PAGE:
Friday, January 20, 2012

Knox County Commission Sunshine Law Violation?

Last night the South Knox Republican Club met and less than 12 people attended. Commissioner Mike Brown was present and made a statement to the group concerning the Hillside/Ridgetop Plan's "Briggs Amendment". A source at the meeting summarizes Commissioner Brown's statement as He (Brown) indicated that as we were supposed to be living in a kinder, gentler world the "Briggs Amendment" had been changed to reflect a kinder, gentler wording. The source asked if they change the wording as Brown indicated that it has been changed does it have to go back to MPC for approval AGAIN? This sounds like a deal has been cut, as we pointed out and asked here and here


Anonymous said...

Norman said there would be a surprise Monday. Monday at 8:00 am there is a special meeting with Norman and Briggs and the press. At the City County Bldg.

Anonymous said...

Isn't Tony Norman under a Judges order not to break the Sunshine law again?

Scott Barker said...

Some clarity about the sunshine law is called for here.

If commissioners give adequate public notice of a special meeting (such as the Broyles meetings at the Time Warp Tea Room), there is no sunshine law violation. I don't know if Norman and Briggs gave notice (those notices don't cross my desk anymore), but if they did, a violation is unlikely.

If commissioners do violate the sunshine law, the violation is eliminated or cured if during a subsequent, properly noticed meeting they hold open, legitimate deliberations on the matter. There would have been no sunshine law violations on Black Wednesday had commissioners debated the merits of the nominees for appointment in public that day.

The court's oversight of commission following the Black Wednesday lawsuit verdict last only one year. The threat of jail time for contempt as a result of new violations no longer exists.

Hope this helps.

Anonymous said...

Scott, the YouTube Brian posted

shows Norman admitting that he deliberated in several noticed public meetings .So what happens if Norman doesn't cure that today?

Why hasn't the Sentinel taken a stand about these Sunshine law violations from Norman? It is clear as day that Norman has violated this Sunshine law multiple times. Why are you so silent about Norman? This is much worse than Black Wednesday. And the Sentinel went to court over that. Can you explain what is going on at the Sentinel?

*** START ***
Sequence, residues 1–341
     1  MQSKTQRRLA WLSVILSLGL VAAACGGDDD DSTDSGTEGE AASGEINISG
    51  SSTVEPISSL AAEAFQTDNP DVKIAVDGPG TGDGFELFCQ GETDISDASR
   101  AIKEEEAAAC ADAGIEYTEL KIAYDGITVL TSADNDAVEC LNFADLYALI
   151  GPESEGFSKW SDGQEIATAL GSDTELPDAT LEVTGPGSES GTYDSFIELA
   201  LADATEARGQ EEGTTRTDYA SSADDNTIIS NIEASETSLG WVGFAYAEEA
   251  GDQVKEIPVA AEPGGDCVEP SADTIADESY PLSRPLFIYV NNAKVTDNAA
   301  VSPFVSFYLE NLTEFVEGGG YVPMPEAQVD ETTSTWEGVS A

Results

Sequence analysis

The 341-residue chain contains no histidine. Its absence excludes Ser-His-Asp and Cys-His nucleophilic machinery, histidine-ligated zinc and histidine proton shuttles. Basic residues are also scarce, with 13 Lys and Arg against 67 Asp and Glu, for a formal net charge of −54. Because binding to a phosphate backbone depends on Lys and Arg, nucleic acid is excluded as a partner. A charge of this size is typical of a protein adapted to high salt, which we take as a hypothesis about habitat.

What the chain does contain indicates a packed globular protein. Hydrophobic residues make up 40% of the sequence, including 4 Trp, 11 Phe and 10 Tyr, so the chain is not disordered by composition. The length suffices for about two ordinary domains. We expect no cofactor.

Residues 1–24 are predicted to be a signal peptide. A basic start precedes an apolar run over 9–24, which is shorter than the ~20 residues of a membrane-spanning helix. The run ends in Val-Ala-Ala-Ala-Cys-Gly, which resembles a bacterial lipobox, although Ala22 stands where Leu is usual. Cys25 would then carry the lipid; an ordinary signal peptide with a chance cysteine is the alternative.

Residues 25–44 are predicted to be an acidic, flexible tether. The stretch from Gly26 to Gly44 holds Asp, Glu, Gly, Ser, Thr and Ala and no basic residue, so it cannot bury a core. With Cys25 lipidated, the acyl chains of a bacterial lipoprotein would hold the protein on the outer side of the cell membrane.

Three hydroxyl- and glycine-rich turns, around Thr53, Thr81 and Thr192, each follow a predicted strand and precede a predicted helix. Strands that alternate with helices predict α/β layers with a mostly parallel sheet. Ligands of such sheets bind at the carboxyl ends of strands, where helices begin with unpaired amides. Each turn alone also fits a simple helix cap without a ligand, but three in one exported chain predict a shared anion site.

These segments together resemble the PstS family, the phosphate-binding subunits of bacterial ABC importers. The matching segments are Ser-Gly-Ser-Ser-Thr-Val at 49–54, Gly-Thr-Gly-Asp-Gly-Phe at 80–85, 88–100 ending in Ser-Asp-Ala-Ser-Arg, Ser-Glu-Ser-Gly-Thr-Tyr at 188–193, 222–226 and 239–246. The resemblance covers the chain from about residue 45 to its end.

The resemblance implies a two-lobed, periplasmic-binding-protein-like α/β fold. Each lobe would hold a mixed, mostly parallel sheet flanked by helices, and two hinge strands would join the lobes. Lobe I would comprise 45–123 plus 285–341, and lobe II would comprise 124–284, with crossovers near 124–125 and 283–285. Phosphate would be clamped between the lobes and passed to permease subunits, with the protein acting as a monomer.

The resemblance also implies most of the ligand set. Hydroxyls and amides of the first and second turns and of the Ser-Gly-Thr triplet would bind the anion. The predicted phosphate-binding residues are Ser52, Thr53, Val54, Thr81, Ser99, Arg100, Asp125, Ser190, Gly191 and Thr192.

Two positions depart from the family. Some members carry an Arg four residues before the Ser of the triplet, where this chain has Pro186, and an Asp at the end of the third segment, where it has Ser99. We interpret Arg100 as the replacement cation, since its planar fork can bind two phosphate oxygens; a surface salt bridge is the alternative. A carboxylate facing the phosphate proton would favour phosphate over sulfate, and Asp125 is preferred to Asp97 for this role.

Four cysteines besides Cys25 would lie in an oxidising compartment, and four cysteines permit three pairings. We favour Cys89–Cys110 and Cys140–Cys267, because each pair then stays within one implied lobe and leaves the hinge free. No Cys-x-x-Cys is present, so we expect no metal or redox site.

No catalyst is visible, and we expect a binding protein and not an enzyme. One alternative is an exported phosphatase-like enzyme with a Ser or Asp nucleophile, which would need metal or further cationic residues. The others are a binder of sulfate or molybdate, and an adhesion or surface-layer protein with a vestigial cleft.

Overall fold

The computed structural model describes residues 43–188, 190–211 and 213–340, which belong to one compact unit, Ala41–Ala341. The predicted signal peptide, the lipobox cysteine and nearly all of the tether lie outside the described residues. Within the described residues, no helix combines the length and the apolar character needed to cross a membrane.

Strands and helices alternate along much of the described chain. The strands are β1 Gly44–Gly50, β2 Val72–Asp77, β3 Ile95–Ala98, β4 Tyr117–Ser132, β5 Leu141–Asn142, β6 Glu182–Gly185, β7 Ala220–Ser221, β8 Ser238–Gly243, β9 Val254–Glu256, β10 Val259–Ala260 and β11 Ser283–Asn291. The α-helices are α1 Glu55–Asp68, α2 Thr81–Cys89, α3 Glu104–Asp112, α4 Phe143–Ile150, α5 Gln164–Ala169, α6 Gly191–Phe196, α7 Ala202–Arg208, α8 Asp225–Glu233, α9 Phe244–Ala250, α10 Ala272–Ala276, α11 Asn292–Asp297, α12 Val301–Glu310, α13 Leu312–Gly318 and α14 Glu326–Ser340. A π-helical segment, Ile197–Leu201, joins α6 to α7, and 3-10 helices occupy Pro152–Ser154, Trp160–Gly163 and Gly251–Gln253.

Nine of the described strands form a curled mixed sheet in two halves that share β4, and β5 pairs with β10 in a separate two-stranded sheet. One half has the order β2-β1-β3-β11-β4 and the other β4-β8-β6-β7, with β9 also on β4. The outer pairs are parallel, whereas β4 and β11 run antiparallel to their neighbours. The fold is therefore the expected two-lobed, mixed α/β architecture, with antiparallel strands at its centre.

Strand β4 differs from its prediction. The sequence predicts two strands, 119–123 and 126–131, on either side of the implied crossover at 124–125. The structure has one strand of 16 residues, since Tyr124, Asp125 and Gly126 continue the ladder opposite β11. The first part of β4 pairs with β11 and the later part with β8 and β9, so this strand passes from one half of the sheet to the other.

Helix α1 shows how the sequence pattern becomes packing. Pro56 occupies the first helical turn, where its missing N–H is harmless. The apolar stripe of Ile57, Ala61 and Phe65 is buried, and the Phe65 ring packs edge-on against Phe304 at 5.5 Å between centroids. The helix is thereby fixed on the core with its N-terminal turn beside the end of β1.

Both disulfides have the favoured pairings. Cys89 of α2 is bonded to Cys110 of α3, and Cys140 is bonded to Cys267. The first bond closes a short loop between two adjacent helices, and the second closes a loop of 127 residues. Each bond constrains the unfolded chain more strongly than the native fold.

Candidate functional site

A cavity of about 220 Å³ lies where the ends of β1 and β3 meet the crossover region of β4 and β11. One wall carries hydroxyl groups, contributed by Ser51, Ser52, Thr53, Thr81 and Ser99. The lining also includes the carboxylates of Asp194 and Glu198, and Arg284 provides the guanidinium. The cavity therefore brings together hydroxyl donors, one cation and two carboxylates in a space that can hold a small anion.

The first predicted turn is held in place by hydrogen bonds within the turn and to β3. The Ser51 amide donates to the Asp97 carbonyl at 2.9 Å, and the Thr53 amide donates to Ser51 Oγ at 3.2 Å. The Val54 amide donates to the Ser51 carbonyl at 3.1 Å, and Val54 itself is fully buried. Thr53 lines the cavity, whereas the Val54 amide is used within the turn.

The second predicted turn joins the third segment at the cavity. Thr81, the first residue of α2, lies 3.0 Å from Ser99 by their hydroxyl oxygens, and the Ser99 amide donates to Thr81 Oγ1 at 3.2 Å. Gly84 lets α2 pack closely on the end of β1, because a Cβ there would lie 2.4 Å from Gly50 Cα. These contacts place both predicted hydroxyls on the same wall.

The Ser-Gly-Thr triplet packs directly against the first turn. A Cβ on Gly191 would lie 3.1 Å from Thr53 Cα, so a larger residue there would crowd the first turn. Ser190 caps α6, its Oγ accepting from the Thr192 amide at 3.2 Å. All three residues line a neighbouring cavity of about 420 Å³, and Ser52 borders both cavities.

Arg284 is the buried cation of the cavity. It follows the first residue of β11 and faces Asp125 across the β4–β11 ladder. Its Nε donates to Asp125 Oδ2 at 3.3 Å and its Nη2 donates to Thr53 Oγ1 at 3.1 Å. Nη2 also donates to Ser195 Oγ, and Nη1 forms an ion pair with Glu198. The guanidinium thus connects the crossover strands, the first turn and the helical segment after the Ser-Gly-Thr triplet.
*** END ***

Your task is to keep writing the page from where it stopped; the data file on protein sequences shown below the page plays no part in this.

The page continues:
Scott Barker said...

If they were "noticed public meetings," then they weren't held in violation of the sunshine law. Sunshine law violations are the result of PRIVATE meetings that are NOT noticed.

Anonymous said...

Scott, Commissioners cannot deliberate even in noticed meetings if no quorum is present. And why isn't the Sentinel going to these noticed meetings? You didn't cover the meeting this morning. Or the other meetings where Norman violated the Sunshine law. You need to explain this. You are defending Norman and you are wrong about what you are claiming. Combine that with not covering the meetings and it looks bad.

Scott Barker said...

I don't read the law that way, but I'm willing to be persuaded that a quorum is necessary for deliberations to occur. Please cite a legal opinion on the matter.

I'm not defending Norman at all. I was just trying to clear up some misconceptions (such as Chancellor Fansler's time limit on jurisdiction over the commission). As I said, if you can cite a legal opinion I could be persuaded that I'm wrong about special meetings.

I don't cover meetings, nor do I direct the coverage of those who do. I suggest you ask Mike Donila about the meetings, since that's his beat.

Anonymous said...

I am surprised with your answer Scott. Didn't you cover the Fansler Sunshine trial? And aren't you Donila's superior? I think Donila has an obligation to cover these meetings. I would like to know why he isn't.

You can read the Sunshine law but this is easier:

If Norman doesn't cure his offenses tonight, then the Sentinel should bring him to task just like the Sentinel did on Black Wednesday.

Dave Wright just cured several meetings at 3:15. Now that you have what you asked for, can we expect the Sentinel do be consistent? Or are you only here to defend Norman? You should know this backwards and forwards from the Fansler trial.

Anonymous said...

Scott Barker,